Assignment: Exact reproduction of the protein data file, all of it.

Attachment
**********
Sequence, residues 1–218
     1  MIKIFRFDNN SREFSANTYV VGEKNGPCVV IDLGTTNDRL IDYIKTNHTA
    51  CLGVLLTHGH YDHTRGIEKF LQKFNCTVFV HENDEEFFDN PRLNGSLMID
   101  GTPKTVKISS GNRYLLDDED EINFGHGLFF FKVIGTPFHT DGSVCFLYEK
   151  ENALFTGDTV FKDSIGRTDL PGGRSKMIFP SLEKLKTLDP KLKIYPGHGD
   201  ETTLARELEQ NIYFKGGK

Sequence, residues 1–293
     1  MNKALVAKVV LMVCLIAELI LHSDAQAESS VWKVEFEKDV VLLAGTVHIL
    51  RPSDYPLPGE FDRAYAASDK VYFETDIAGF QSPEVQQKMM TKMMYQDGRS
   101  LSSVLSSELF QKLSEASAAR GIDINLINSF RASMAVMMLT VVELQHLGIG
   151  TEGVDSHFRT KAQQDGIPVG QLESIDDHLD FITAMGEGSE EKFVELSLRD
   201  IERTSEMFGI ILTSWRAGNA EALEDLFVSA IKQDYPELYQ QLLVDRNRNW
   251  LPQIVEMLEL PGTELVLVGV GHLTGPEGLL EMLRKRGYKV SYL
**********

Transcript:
Sequence, residues 1–218
     1  MIKIFRFDNN SREFSANTYV VGEKNGPCVV IDLGTTNDRL IDYIKTNHTA
    51  CLGVLLTHGH YDHTRGIEKF LQKFNCTVFV HENDEEFFDN PRLNGSLMID
   101  GTPKTVKISS GNRYLLDDED EINFGHGLFF FKVIGTPFHT DGSVCFLYEK
   151  ENALFTGDTV FKDSIGRTDL PGGRSKMIFP SLEKLKTLDP KLKIYPGHGD
   201  ETTLARELEQ NIYFKGGK

Sequence, residues 1–293
     1  MNKALVAKVV LMVCLIAELI LHSDAQAESS VWKVEFEKDV VLLAGTVHIL
    51  RPSDYPLPGE FDRAYAASDK VYFETDIAGF QSPEVQQKMM TKMMYQDGRS
   101  LSSVLSSELF QKLSEASAAR GIDINLINSF RASMAVMMLT VVELQHLGIG
   151  TEGVDSHFRT KAQQDGIPVG QLESIDDHLD FITAMGEGSE EKFVELSLRD
   201  IERTSEMFGI ILTSWRAGNA EALEDLFVSA IKQDYPELYQ QLLVDRNRNW
   251  LPQIVEMLEL PGTELVLVGV GHLTGPEGLL EMLRKRGYKV SYL